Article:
The 99th New York State Legislature, consisting of the New York State Senate and the New York State Assembly, met from January 4 to May 3, 1876, during the second year of Samuel J. Tilden's governorship, in Albany.

1892 Republican National Convention

The 1892 National Convention of the Republican Party of the United States was held at the Industrial Exposition Building, Minneapolis, Minnesota, from June 7 to June 10, 1892. The party nominated President Benjamin Harrison for re-election on the first ballot and Whitelaw Reid of New York for Vice President.

Bradley was elected as a Republican to the 58th, 59th, 60th, 61st and 62nd United States Congress, holding office from March 4, 1903, to March 4, 1913.

Republican Party (United States) political party in the United States

The Republican Party, also referred to as the GOP, is one of the two major political parties in the United States; the other is its historic rival, the Democratic Party.

58th United States Congress

The Fifty-eighth United States Congress was a meeting of the legislative branch of the United States federal government, composed of the United States Senate and the United States House of Representatives. It met in Washington, DC, from March 4, 1903, to March 4, 1905, during the third and fourth years of Theodore Roosevelt's presidency. The apportionment of seats in the House of Representatives was based on the Twelfth Census of the United States in 1900. Both chambers had a Republican majority.

59th United States Congress

The Fifty-ninth United States Congress was a meeting of the legislative branch of the United States federal government, composed of the United States Senate and the United States House of Representatives. It met in Washington, D.C. from March 4, 1905, to March 4, 1907, during the fifth and sixth years of Theodore Roosevelt's presidency. The apportionment of seats in the House of Representatives was based on the Twelfth Census of the United States in 1900. Both chambers had a Republican majority.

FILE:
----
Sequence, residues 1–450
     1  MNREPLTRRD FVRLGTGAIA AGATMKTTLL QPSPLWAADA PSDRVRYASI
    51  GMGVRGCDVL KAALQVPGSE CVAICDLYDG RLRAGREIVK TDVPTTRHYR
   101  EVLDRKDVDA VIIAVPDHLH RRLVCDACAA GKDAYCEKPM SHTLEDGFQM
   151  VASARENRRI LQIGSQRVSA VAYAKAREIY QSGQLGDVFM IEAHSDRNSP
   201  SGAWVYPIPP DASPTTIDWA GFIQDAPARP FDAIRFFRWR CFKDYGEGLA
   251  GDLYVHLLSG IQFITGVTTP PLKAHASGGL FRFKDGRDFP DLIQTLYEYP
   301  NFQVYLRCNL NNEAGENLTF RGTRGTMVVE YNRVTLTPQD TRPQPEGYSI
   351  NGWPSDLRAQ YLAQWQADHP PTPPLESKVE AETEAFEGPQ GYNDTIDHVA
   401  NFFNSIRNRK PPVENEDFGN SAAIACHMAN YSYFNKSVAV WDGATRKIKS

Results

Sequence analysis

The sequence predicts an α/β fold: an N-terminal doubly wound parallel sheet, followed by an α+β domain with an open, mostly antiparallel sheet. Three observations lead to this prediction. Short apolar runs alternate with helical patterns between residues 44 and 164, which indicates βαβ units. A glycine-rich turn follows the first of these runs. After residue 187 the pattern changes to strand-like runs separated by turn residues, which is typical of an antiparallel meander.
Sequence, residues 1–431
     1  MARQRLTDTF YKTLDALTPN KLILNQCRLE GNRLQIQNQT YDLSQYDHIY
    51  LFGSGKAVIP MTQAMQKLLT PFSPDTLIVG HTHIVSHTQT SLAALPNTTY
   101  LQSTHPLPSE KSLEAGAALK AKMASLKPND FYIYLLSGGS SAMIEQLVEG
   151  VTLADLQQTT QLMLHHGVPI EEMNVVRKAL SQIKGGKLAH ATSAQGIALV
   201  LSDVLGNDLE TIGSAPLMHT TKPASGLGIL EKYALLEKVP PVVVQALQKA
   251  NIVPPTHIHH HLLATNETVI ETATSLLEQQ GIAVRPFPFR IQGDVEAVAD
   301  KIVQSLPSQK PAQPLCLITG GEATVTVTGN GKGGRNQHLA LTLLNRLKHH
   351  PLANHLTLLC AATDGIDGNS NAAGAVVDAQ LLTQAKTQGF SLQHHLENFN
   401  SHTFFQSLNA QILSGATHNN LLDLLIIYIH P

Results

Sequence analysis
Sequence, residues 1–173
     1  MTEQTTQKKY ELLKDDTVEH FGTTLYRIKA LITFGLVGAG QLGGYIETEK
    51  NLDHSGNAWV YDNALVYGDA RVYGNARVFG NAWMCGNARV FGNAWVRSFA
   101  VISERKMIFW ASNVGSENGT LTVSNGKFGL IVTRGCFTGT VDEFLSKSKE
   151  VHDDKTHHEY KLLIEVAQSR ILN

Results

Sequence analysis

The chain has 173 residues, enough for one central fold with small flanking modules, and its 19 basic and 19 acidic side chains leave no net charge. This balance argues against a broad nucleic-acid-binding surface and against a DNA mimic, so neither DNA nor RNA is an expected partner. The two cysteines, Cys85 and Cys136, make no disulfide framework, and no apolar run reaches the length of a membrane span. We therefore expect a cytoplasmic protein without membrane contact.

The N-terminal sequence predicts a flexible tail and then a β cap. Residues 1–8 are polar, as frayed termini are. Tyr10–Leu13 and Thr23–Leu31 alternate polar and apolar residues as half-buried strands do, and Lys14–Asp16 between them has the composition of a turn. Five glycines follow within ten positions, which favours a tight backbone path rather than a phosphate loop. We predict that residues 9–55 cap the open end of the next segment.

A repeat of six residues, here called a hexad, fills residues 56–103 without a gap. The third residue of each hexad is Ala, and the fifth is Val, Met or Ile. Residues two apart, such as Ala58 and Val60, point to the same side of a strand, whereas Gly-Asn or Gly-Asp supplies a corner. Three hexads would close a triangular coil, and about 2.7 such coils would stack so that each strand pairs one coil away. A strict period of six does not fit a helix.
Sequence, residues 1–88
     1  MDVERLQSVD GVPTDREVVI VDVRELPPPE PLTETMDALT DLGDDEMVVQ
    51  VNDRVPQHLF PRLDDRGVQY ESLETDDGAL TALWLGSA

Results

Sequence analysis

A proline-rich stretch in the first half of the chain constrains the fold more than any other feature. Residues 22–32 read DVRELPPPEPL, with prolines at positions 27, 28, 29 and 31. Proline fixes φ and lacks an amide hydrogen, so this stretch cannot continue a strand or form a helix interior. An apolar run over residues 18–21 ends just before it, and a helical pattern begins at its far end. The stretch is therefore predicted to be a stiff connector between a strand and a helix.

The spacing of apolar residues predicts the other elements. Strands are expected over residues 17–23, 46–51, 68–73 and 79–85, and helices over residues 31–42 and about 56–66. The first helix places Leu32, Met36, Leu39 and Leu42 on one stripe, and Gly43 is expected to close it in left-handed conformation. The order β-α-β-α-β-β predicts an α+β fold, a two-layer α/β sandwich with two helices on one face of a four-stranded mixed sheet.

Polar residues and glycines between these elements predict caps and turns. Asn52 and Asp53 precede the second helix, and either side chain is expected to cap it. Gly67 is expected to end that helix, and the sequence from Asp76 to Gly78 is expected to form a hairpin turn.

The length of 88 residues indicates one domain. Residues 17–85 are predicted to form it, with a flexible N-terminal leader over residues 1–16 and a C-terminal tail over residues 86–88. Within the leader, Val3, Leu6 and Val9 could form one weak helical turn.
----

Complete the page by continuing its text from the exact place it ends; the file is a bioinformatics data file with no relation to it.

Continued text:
Bradley was a member of the board of directors, vice president and president of the Walden National Bank. He was also a member of the board of directors of the Columbus Trust Company and the Walden Savings Bank. Bradley was employed by the New York Knife Company for more than 50 years, and rose through the company's ranks to become president and treasurer.

Bradley died in Walden, New York, at age 76 and was interred there in Wallkill Valley Cemetery.

Medal of Honor citation

He received the Medal of Honor for actions on May 3, 1863 at the Battle of Chancellorsville.

Rank and organization: Sergeant, Company H, 124th New York Volunteer Infantry Regiment. Place and date: At Chancellorsville, Va., May 3, 1863. Entered service at: Walden, N.Y. Born: April 6, 1844, England. Date of issue: June 10, 1896.

Citation:

Volunteered in response to a call and alone, in the face of a heavy fire of musketry and canister, went and procured ammunition for the use of his comrades. [2]

See also

Notes

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References

PD-icon.svg This article incorporates  public domain material from the Biographical Directory of the United States Congress website http://bioguide.congress.gov .

U.S. House of Representatives
Preceded by
George N. Southwick
Member of the  U.S. House of Representatives
from New York's 20th congressional district

1903–1913
Succeeded by
Francis Burton Harrison